Palermo and Sicily have hosted 300 delegates from 64 Countries and have put the Mediterranean back at the centre of the world political debate. By virtue of its several thousand-years-old history and its openness to different civilisations, we have chosen Palermo to host the ministerial Mediterranean Conference of the Organisation for Security and Co-operation in Europe (OSCE), an organisation that stretches from Vancouver to Vladivostok, covering an area of the world peopled by one billion people. But at the Palermo meetings we also invited representatives of partner Countries from the Southern shore of the Mediterranean, with Arabs and Israelis sitting side by side. For the first time ever, more than 30 ministers and deputy ministers attended an OSCE conference of this importance, presided over by Italy. Our many international guests were enthusiastic of the welcome received from us Sicilians and acquired the “spirit of Palermo” reflected on the Quadrilingual Slab kept at the Zisa Palace showing the world’s different dating systems in Hebrew, Latin, Greek and Arabic. This emblem, paying respect to all peoples and to all religions, has always characterised Sicily and Sicilians. The political message of the Conference was clear and unanimous: even if the Mediterranean only represents 1% of the Earth’s surface, it is where the game of world security is being played out. So, in Palermo, we decided to establish a full-fledged partnership between the 57 OSCE Countries and all the Mediterranean Countries involved. In our opinion, this partnership must have three founding elements:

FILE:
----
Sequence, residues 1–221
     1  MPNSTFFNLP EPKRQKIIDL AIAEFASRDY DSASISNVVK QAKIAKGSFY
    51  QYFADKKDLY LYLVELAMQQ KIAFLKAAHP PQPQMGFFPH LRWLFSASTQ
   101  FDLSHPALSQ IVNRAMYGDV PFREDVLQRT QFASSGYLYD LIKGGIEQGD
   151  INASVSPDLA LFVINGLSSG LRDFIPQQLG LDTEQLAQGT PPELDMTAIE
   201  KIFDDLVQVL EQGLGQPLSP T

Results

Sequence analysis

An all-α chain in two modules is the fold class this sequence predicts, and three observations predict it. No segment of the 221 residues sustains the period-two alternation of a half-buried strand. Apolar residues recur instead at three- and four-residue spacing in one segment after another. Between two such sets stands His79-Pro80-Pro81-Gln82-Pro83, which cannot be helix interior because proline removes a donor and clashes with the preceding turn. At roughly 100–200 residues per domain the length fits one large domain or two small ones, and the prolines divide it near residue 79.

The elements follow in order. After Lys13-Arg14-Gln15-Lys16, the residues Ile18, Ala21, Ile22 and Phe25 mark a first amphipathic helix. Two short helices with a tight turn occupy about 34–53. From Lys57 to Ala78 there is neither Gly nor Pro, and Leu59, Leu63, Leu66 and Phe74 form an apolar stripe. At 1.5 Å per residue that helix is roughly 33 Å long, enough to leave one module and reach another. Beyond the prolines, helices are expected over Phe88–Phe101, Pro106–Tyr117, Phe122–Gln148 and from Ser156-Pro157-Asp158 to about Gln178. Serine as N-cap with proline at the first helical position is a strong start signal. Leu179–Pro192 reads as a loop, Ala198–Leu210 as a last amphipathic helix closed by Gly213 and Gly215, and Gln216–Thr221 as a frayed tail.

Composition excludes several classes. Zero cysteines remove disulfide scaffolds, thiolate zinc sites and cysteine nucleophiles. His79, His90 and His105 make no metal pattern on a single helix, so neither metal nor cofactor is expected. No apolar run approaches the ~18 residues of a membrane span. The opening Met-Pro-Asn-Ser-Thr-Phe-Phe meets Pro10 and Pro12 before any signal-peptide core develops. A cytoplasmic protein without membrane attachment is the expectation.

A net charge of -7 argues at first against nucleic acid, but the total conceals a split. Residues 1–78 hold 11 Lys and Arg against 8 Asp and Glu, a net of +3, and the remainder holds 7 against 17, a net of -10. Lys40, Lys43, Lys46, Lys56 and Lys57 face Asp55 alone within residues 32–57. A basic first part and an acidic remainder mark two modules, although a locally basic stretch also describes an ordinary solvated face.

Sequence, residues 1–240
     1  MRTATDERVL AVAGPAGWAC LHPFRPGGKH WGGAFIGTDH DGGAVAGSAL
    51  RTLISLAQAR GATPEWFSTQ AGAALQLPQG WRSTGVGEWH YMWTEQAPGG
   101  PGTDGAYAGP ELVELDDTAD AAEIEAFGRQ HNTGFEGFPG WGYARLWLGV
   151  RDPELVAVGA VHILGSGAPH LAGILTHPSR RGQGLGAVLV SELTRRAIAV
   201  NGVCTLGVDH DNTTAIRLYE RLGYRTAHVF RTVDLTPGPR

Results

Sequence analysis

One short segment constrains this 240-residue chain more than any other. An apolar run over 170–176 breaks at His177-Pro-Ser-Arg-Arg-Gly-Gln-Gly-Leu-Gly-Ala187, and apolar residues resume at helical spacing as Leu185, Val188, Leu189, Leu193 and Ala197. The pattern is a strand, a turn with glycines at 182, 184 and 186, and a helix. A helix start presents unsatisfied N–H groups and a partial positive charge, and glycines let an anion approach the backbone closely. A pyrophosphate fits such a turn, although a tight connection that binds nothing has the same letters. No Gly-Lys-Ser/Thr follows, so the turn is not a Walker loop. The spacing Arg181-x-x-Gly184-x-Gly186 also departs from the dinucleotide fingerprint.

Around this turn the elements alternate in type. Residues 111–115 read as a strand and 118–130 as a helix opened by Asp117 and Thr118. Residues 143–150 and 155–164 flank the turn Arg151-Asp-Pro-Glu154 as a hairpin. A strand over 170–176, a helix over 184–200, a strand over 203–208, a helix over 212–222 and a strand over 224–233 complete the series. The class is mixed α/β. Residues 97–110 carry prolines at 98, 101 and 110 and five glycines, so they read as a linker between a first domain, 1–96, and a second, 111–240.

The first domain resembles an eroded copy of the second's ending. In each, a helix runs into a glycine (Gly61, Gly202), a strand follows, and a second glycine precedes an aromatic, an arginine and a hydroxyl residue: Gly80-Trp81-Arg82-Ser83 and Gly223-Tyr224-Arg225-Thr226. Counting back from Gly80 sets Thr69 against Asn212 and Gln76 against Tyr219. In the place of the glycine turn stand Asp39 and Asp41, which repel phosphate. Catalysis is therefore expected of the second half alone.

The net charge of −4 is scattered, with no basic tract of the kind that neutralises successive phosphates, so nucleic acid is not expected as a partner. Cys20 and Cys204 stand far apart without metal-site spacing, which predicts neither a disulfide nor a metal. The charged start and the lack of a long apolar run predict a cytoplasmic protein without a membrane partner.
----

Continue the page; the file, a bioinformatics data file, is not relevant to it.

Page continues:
1. Political dialogue but also security and solidarity. In these past few years, in a world in which ‘zero risk’ does not exist, Italy has combined hospitality and rigour, proving that it is possible to save human lives and, at the same time, fight human trafficking. This is why, in Palermo, we signed an agreement with the United Nations to finance a programme against the “agents of the journeys of death” with 2.7 million euros.
2. More cooperation with our Mediterranean partners at intelligence level to control migration routes, also in the light of the risk of the return of Foreign Fighters to Europe, following the military defeat of Daesh in Iraq and the liberation of Raqqa in Syria.
3. More investments on culture to bridge the dangerous gap open in the Mediterranean, which is the spawning ground of fanaticism, violent extremism and terrorism. For this reason, we launched an ambitious programme of 500 new cultural initiatives, with the aim of realising an Erasmus programme in the Mediterranean. Forty years ago, the “spirit of Helsinki” inspired the rapprochement of the East and West of the world during the Cold War era. From now on, the “spirit of Palermo” will nurture and enhance the dialogue for peace and security in the Mediterranean.